Does your microwave screw with your LAN’s wifi signal? It might well. Depending upon your microwave and wifi, it could be pretty severe. In our case, the microwave would stop wifi in the whole west end of the lair.

This happens because microwave ovens can throw out a lot of radio interferences in the 2.4Ghz range, and that’s where 802.11b, g, and n all operate. Now, sure, you can upgrade your equipment to dual-band 5.0Ghz/2.4Ghz gear, but that’s annoying, and costs money, and a lot of your devices won’t upgrade anyway.

So I started thinking about how this could happen, because I know the requirements for microwave oven shielding. Microwaves ovens are basically grounded metal boxes – I saw someone jokingly suggest putting your microwave into a Faraday cage, but these ovens basically are Faraday cages, so that won’t help. Okay, yes, the glass front isn’t a solid sheet of metal, but that grating that makes it hard to see through the glass is there for a reason, and it’s reasonably effective as shielding.

Then I realised one part of the oven isn’t shielded. Typically, it’s not shielded at all. It’s the power cord. Which makes the power cord a transmission antenna for microwave oven RF noise.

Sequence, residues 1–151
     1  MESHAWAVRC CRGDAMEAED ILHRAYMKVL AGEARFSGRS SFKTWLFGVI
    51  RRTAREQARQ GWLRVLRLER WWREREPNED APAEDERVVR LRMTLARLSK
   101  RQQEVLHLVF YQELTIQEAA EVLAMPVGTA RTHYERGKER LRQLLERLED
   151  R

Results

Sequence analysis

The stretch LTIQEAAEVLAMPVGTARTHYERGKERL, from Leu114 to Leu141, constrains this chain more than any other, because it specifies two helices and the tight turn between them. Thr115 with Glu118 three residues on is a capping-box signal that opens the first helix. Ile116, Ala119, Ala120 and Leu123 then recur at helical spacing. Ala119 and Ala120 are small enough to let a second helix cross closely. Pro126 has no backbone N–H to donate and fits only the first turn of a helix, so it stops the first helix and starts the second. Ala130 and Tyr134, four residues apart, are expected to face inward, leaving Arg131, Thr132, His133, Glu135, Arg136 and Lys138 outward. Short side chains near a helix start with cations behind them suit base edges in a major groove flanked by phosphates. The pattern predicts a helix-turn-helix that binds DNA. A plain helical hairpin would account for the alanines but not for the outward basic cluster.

Now, thanks to all the RF issues we were having with the studio wiring last year, I’d stocked up on things called RF chokes. They’re used to filter out radio noise. This is all very high frequency noise, so you need ferrite chokes, specifically.


Clamp-on ferrite RF choke

They cost less than two dollars. Basically, they convert the RF field coming off the cable into self-cancelling magnetic fields, which – pleasantly – don’t interfere with your wifi. You want a tight fit, because physics reasons.

So I clamped two tight-fighting large ferrites onto the power cable, one on each end, because for all I know the RF issues with our building wiring were making things worse. Also, we seemed to be having a lot of RF coming off that power cord. And we gave it a go.

The wifi hasn’t fallen over while using the microwave once since attaching those chokes. Not even once. We’re still seeing interference – and the resulting slowdown in net performance which results from that interference – but it’s dramatically reduced, and we no longer lose connections and even audio and video streaming keeps going. It’s still an impact, we absolutely see it in performance testing. But it’s no longer an impact that matters.

So, yeah. If you’re seeing this, give it a try. It’s a hell of a lot cheaper than replacing all your networking kit.